1th project : DCmotor rpm control, need help constraining output

Ok,

so this is my first real project after getting started with arduino. Up to certain level it is already working as expected. I want to control the rpm of a dcmotor ;dunker gr63*25, 40V controlled with BUZ11 mosfet connected to pwm output of the arduino. It’s got an encoder from wich I count the pulses using an isr interupt function and recalculate the pulses to an actual rpm of the outputshaft coming from the mounted gearbox. That bit works fine.

I’ve written this bit of code wich probably sucks but works very well (slow control) just untill the output variable overflows and the pwm output drops and starts building up again. For instance when i put a brake on the shaft while the output is very close to 255. The rpm goes down and the controller increments the output value but goes over 255 and overflows.

Then I tought; let’s include a constrain within the loop so that it doesn’t increment highter than 255. That doesn’t work at all :confused: I can’t get my head around it. Anybody kind enough to explain me why that doesn’t work and even better; what the best approach for my problem is?

#include <Wire.h>
#include <LiquidCrystal_I2C.h>


LiquidCrystal_I2C lcd(0x27,16,2); //set the LCD address to 0x27 for a 16 chars and 2 line display

int analogPin = 1;
int control;
int setP = 1800;
int pulse = 0;
volatile unsigned long firstPulseTime;
volatile unsigned long lastPulseTime;
volatile unsigned long numPulses;
volatile byte output = 0;

void isr()
{
  unsigned long now = millis();
  if (numPulses == 2)
  {
    firstPulseTime = now;
  }
  else
  {
    lastPulseTime = now;
  }
  ++numPulses;
}
byte controlFunction(int x, int y)
{
  int controller;
  if (x < y)
  {
    controller = 1;
  }
  else 
  {
    controller = -1;
  }
  return controller;
}

void setup() 
{
    TCCR2B = TCCR2B & B11111000 | B00000001; // change pwmfreq to cancel motornoise
    Serial.begin(9600);                   
    lcd.init(); 
    lcd.backlight();
    lcd.setCursor(0, 0);
    lcd.print("PwmRpmcontrol");
    lcd.setCursor(0, 1);
    lcd.print("starting...");
    delay(1000);
    lcd.clear();
    lcd.print("rpm      out");
    pinMode(11, OUTPUT);
}

float pulseCounter(unsigned int sampleTime)
{
  numPulses = 0;                     
  attachInterrupt(0, isr, FALLING); 
  delay(sampleTime);
  detachInterrupt(0);
  return (numPulses < 100) ? 0 : (numPulses);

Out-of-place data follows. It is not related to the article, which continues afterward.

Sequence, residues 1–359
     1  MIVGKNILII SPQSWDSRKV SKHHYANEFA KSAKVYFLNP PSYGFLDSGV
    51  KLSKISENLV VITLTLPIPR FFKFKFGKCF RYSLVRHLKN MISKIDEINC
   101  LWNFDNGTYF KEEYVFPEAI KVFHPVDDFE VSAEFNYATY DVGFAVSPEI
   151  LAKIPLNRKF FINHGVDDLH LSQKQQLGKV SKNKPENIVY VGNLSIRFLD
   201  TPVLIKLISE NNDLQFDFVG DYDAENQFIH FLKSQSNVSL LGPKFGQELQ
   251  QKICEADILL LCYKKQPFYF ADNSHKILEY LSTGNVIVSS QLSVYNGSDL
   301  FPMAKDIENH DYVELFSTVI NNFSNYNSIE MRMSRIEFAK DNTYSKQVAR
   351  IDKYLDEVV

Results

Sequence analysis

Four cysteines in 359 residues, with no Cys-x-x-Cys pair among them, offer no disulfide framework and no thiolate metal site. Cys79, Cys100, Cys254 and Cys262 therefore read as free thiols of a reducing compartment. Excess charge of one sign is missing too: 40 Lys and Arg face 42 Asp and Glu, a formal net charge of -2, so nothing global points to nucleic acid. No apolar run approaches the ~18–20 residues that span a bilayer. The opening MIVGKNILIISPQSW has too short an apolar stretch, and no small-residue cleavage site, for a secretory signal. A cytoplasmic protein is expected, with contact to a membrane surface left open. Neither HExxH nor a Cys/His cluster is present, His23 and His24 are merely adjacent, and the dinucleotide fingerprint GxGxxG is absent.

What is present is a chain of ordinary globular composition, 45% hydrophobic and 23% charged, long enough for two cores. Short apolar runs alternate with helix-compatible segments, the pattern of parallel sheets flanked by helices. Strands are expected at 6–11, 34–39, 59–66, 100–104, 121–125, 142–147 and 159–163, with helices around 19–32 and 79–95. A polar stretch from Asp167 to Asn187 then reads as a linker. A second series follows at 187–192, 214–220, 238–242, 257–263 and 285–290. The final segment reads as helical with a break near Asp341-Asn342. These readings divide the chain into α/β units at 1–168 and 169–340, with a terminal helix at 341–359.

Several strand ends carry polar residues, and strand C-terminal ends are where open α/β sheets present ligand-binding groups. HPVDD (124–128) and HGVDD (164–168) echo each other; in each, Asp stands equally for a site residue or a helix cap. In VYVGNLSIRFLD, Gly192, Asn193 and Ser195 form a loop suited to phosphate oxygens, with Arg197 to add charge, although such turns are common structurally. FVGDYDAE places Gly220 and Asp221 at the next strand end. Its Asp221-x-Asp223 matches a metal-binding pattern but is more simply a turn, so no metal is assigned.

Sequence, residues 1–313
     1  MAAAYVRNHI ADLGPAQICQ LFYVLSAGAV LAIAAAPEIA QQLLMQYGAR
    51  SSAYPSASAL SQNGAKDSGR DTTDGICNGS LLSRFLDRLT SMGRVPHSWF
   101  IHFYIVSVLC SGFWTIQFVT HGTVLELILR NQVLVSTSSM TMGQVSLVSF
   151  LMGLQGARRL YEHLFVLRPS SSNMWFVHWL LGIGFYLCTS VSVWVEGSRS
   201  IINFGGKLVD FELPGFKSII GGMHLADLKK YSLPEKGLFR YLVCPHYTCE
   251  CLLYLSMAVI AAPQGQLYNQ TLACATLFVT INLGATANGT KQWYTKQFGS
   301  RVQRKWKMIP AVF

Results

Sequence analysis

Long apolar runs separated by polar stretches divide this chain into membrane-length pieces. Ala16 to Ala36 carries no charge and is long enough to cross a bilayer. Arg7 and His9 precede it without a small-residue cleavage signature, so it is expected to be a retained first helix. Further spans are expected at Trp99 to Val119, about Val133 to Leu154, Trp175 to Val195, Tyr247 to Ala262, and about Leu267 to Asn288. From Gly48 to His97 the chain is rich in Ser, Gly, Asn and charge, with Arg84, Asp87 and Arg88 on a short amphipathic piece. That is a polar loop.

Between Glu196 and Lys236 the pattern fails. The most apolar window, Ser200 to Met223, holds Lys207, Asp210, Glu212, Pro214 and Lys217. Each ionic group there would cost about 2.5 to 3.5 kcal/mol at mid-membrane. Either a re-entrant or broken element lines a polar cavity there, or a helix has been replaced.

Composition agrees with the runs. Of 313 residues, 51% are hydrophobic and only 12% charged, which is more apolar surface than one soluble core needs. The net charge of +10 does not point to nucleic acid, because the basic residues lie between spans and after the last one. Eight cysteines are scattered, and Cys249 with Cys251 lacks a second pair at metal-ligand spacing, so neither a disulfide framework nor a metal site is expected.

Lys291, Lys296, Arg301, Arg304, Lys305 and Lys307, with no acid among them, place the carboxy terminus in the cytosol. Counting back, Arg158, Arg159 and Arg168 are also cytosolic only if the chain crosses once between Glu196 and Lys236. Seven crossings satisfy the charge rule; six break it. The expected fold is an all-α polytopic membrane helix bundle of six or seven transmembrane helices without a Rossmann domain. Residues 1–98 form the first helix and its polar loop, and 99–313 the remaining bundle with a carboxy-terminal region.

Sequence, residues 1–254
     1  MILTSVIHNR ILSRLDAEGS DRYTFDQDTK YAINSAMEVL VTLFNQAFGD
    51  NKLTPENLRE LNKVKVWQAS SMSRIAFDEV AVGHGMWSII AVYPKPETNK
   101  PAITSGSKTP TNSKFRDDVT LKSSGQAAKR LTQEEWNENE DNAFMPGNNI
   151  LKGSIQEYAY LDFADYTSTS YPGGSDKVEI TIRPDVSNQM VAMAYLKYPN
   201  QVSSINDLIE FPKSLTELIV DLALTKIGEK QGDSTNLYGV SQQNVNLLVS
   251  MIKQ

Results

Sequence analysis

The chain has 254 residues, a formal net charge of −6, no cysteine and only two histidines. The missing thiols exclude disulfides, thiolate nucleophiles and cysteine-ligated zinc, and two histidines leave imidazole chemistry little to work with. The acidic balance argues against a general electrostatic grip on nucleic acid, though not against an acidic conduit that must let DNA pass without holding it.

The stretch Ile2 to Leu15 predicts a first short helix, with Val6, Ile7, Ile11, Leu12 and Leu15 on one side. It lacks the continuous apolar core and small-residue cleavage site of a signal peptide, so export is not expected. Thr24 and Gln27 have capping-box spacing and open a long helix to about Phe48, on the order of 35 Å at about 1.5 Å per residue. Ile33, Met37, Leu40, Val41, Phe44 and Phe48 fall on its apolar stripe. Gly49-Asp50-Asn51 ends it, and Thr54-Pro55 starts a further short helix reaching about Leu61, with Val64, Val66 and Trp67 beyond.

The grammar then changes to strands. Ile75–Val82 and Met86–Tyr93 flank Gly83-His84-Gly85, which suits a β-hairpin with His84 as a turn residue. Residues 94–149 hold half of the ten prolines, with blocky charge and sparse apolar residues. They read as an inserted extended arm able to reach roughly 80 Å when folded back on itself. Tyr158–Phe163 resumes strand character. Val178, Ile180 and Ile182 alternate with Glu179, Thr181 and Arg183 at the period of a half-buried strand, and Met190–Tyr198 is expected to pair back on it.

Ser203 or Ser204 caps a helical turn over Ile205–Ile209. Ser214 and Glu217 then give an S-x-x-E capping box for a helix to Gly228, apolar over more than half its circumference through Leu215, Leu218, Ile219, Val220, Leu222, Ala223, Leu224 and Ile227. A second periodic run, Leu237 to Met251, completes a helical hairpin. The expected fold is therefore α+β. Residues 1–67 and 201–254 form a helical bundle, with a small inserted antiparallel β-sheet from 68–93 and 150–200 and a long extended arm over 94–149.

}

void loop() 
{
   pulse = pulseCounter(100);
   control = controlFunction(pulse, setP);
   output = output + control;
   output = constrain(output, 0, 255);
   analogWrite(11, map(output, 0, 255, 35, 255));
   lcd.setCursor(9, 1);
   lcd.print(output);
   float rpm = pulse/8;
   lcd.setCursor(0, 1);
   lcd.print(rpm);
}

Then I tought; let's include a constrain within the loop so that it doesn't increment highter than 255. That doesn't work at all

What does not working at all mean ? What does it do that it shouldn't and/or what doesn't it do that it should ?

byte controlFunction(int x, int y)
{
  int controller;
  if (x < y)
  {
    controller = 1;
  }
  else 
  {
    controller = -1;
  }
  return controller;
}

The function says that it returns a byte. The return statement says that it returns an int. Which is it?

This is really a useless function. There is no advantage to calling a function to compare two values over just comparing them where needed.

The whole function just screams for the use of the ternary operator.

int controlFunction(int x, int y)
{
   return (x < y) ? +1 : -1;
}
float pulseCounter(unsigned int sampleTime)
{
  numPulses = 0;                     
  attachInterrupt(0, isr, FALLING); 
  delay(sampleTime);
  detachInterrupt(0);
  return (numPulses < 100) ? 0 : (numPulses);
}

Using an interrupt and delay() just looks stupid. Returning an int as a float doesn’t look too smart, either.

   pulse = pulseCounter(100);

Storing that float in an int then really makes me wonder.

Thanks for pointing out my stupid mistakes there PaulS. Bought this arduino about three weeks ago and though I have very limited knowledge on analog electronics, programming this are really my first steps in this field.

I’ve corrected them according to your tips and now everything works. Output doesn’t overflow anymore. The fault was probably in the whole int-byte-float variable conversion messup… :-*

Now I can start adding functionality for updating the rpm setpoint.

This the working code, thanks again!;

#include <Wire.h>
#include <LiquidCrystal_I2C.h>
LiquidCrystal_I2C lcd(0x27,16,2); //set the LCD address to 0x27 for a 16 chars and 2 line display


int setP = 500;
int pulse = 0;
int output = 0;
volatile unsigned long firstPulseTime;
volatile unsigned long lastPulseTime;
volatile unsigned long numPulses;

void isr()
{
  unsigned long now = millis();
  if (numPulses == 2)
  {
    firstPulseTime = now;
  }
  else
  {
    lastPulseTime = now;
  }
  ++numPulses;
}

void setup() 
{
  TCCR2B = TCCR2B & B11111000 | B00000001;
  Serial.begin(9600);  
  lcd.init(); 
  lcd.backlight();
  lcd.setCursor(0, 0);
  lcd.print("PwmRpmcontrol");
  lcd.setCursor(0, 1);
  lcd.print("starting...");
  delay(1000);
  lcd.clear();
  lcd.print("rpm      out");
  pinMode(11, OUTPUT);
}

int pulseCounter(unsigned int sampleTime)
{
  numPulses = 0;                    
  attachInterrupt(0, isr, FALLING);
  delay(sampleTime);
  detachInterrupt(0);
  return (numPulses < 100) ? 0 : (numPulses);
}

int controlFunction(int x, int y)
{
  return (x < y) ? +1: -1;
}

void loop() 
{
  pulse = pulseCounter(50);
  int control = controlFunction(pulse, setP);
  output = output + control;
  output = constrain(output, 0, 255); 
  analogWrite(11, map(output, 0, 255, 35, 255));
  lcd.setCursor(9, 1);
  lcd.print(output);
  int rpm = pulse/4;
  lcd.setCursor(0, 1);
  lcd.print(rpm);
}